The age of the patients, size, composition and location of stones, renal anatomy and functional status are the main factors to achieve maximum stone clearance and least morbidity for the surgical management of renal stone diseases.2, 3, 14 The tubeless percutaneous nephrolithotomy and placement of ureteric catheter for 48 hours done by other studies on tubeless percutaneous nephrolithotomy where the age range and stone burden was more or less similar to the present study.15, 20, 21

After completion of the procedure, we evaluated the patient by post-operative pain assessment, hemoglobin decrease, urinary leakage time through the percutaneous tract, peri-renal collection and hospital stay. Percutaneous nephrolithotomy tract urine leakage, peri-renal collection were negligible in this study. In comparison to other studies, the post-operative pain score was significantly low in nephrostomy tubeless group in this study due to adequate use of weight-adjusted dose of analgesic and strict hospital pain management protocol. No patients’ needs post-operative blood transfusion.5, 8, 12 The post-operative hospital stay in both groups in this study were also significantly correlated to other studies. In this study, all the above mentioned evaluated post-procedure factors were similar to other studies with low pain score in tubeless percutaneous nephrolithotomy.20, 22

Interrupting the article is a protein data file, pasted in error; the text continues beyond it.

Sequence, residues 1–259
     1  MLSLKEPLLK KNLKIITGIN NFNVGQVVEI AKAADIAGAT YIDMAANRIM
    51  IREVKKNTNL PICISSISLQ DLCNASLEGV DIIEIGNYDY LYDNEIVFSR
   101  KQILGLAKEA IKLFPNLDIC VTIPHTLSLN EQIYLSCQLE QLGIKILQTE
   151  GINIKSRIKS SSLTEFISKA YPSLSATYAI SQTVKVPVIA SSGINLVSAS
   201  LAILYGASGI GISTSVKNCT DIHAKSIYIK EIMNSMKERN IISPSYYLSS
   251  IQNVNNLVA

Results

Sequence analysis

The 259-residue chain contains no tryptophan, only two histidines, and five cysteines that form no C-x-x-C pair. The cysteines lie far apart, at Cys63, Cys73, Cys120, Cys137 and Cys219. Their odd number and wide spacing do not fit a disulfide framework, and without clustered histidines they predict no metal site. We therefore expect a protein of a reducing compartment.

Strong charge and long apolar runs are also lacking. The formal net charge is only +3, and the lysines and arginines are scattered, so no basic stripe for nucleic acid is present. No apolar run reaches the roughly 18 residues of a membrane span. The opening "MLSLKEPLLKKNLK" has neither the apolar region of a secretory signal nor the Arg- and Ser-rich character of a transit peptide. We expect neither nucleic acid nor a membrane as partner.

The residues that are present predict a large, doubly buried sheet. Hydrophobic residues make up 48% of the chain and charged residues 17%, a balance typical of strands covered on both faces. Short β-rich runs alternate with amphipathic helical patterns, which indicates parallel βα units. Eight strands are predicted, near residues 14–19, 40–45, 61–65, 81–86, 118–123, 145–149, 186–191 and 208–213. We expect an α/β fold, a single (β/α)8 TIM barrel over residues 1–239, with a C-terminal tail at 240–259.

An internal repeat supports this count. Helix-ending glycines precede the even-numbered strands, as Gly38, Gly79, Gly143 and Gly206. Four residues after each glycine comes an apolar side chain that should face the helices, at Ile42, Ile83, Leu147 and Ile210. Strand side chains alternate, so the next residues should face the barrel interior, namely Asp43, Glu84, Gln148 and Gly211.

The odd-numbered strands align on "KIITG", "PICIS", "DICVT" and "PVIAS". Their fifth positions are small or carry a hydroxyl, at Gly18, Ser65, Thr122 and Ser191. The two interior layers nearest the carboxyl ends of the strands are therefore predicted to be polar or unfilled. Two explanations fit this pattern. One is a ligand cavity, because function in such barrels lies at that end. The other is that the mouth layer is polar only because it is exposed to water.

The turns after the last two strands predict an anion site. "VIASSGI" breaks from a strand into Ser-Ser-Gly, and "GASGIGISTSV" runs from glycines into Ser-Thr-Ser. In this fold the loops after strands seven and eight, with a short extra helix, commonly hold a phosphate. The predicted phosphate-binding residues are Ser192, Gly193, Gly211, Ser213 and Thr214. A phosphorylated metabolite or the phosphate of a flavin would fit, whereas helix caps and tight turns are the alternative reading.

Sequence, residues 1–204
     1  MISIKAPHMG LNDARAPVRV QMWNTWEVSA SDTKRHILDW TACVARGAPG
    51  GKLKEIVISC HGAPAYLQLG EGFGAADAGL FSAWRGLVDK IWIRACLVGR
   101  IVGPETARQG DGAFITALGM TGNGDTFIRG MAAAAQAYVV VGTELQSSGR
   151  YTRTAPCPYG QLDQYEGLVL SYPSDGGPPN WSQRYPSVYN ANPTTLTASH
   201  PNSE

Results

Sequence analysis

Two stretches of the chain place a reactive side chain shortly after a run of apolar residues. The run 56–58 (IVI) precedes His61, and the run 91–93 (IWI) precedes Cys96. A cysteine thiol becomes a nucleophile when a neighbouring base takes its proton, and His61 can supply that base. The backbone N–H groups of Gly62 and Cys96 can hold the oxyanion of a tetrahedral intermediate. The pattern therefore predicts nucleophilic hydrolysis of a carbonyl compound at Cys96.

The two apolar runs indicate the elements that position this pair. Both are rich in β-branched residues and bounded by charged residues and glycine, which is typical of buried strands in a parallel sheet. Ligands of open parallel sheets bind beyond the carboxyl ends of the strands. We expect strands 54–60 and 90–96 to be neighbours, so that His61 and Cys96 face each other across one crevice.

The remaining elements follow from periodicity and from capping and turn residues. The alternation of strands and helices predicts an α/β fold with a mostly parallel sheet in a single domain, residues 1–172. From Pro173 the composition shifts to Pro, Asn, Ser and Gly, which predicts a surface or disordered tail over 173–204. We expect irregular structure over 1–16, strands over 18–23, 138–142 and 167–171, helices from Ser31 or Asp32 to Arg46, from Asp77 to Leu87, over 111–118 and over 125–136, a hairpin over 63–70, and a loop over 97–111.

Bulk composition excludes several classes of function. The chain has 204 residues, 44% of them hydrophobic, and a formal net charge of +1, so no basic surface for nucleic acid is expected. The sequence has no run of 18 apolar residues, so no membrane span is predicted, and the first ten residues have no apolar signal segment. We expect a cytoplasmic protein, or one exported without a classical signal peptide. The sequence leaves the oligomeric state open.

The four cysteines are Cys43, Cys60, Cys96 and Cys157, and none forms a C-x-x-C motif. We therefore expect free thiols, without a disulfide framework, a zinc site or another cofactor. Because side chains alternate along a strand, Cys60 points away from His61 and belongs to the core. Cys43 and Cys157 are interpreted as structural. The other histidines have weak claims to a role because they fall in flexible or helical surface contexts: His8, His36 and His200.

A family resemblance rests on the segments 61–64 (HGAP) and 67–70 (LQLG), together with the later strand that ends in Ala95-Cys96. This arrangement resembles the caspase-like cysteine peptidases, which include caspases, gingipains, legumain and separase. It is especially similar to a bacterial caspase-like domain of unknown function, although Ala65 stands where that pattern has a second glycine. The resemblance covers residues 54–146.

Percutaneous nephrolithotomy without nephrostomy tube is safer than percutaneous nephrolithotomy with nephrostomy tube in the management of renal stone in selected cases.